State governments should not dole out "non-merit freebies" such as gifts and consumer durables beyond their fiscal capabilities, according to former Niti Aayog Vice Chairman Rajiv Kumar.

Kumar noted that there is a difference between merit transfer payment and non-merit freebies, especially those which are done beyond the fiscal capability of any government.

Noting that in a democracy, transfer payments via the government through the instrument of taxation and distribution is always necessary, he said, "any transfer payments whose social rate of return is higher than any private rate of return, in other words which has positive externalities, is worth doing."

Economic situation of Sri Lanka with India

On some politicians comparing the current economic situation of Sri Lanka with India, Kumar said, "any such comparison is simply unwarranted and mischievous to different levels." Sri Lanka is grappling with a severe economic crisis and India has been at the forefront of extending economic assistance to Sri Lanka.

According to Kumar, in the Nordic countries, the tax to GDP ratio is nearly 50 per cent because they spend lots of public money providing public goods and services to the common person. "It is important to increase the quality and access of public goods and services for the common person, especially for those at the bottom of the pyramid," he said.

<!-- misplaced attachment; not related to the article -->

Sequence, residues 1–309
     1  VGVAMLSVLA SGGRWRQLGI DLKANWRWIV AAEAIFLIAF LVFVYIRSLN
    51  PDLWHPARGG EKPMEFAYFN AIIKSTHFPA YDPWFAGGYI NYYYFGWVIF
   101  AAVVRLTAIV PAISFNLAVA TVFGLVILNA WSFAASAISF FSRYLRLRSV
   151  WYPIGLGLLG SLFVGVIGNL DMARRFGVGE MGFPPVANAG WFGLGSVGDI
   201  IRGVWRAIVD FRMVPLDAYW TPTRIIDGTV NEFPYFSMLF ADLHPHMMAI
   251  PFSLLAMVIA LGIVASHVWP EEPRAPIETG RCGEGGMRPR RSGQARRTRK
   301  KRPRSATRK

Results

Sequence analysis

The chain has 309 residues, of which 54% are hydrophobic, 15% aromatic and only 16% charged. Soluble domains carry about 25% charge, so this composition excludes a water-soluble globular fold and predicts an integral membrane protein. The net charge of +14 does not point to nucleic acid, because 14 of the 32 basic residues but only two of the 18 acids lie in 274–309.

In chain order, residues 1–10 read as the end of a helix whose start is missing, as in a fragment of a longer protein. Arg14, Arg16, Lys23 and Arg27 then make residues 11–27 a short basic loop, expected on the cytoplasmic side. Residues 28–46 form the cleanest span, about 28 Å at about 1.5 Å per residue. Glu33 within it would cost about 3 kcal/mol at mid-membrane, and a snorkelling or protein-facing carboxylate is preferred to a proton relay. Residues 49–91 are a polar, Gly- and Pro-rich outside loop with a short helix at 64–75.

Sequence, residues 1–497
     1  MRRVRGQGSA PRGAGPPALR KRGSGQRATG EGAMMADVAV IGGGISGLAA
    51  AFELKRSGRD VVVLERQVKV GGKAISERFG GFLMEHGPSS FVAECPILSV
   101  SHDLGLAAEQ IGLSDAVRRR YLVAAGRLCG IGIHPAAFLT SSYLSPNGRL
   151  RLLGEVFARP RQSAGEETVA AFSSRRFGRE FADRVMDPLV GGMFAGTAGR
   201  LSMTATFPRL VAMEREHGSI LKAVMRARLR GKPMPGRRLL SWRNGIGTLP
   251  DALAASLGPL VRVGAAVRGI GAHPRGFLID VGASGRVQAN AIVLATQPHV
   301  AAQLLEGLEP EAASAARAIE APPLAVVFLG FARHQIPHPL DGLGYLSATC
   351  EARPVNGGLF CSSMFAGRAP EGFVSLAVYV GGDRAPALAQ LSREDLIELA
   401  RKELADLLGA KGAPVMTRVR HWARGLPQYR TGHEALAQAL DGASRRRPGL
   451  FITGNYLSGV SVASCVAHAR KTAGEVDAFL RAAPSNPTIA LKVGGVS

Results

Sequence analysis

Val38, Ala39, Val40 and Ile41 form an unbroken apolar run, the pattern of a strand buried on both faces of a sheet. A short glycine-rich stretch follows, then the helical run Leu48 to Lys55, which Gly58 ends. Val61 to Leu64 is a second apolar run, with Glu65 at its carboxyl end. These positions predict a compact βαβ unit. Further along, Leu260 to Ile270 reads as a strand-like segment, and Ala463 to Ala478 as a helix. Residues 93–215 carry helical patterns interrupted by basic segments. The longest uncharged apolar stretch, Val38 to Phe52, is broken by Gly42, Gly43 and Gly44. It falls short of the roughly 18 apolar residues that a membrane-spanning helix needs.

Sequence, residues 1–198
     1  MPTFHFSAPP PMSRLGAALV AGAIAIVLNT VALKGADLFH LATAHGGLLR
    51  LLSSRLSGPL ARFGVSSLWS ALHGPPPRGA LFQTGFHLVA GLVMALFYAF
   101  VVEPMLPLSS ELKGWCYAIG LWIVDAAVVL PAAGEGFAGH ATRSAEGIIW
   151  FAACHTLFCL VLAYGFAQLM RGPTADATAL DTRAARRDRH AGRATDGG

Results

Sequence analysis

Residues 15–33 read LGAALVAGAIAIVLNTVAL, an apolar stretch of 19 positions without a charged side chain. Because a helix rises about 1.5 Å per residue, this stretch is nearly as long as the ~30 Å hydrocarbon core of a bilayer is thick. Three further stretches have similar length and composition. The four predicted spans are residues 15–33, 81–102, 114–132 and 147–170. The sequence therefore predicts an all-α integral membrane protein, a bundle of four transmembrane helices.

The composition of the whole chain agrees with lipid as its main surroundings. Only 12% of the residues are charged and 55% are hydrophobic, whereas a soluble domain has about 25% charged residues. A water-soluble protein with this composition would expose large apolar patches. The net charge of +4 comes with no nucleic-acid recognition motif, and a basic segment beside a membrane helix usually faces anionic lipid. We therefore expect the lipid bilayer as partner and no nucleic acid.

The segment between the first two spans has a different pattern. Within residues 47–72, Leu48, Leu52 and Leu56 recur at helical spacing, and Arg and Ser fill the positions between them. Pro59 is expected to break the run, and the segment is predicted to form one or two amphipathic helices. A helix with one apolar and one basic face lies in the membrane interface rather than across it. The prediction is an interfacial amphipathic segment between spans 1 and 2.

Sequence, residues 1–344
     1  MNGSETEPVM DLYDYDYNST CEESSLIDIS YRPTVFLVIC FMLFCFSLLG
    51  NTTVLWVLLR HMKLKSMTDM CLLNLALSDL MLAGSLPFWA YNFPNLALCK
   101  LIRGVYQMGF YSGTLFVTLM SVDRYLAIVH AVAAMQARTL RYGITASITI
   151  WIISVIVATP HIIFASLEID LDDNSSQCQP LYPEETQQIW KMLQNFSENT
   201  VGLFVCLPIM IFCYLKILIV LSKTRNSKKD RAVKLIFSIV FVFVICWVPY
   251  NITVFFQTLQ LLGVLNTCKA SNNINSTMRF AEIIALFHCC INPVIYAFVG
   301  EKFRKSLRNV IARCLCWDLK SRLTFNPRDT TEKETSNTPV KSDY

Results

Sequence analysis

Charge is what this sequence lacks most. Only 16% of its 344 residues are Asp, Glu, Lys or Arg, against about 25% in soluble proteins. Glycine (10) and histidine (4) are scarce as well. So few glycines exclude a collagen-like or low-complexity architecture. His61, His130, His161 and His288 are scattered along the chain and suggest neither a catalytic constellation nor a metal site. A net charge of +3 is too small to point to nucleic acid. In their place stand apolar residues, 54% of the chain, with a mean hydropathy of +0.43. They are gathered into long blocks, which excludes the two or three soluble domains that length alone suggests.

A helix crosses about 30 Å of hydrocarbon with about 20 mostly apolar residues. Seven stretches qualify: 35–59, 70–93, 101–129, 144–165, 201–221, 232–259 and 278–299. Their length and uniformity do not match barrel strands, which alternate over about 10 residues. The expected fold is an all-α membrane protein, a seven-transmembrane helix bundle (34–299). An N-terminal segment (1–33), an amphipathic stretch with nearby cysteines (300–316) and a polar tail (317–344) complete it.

Prime Minister Narendra Modi has in recent days hit out at the competitive populism of extending 'rewaris' (freebies) which are not just a wastage of taxpayers' money but also an economic disaster that could hamper India's drive to become atmanirbhar (self-reliant).

SC examining irrational freebies

Earlier this month, the Supreme Court had suggested setting up a specialised body to examine "irrational freebies" offered to voters during elections. The Centre has told the Supreme Court that the "freebie culture" has been elevated to the level of "art" for fighting elections and will lead to "disaster" if some political parties understand this is the only way to deliver public welfare measures.

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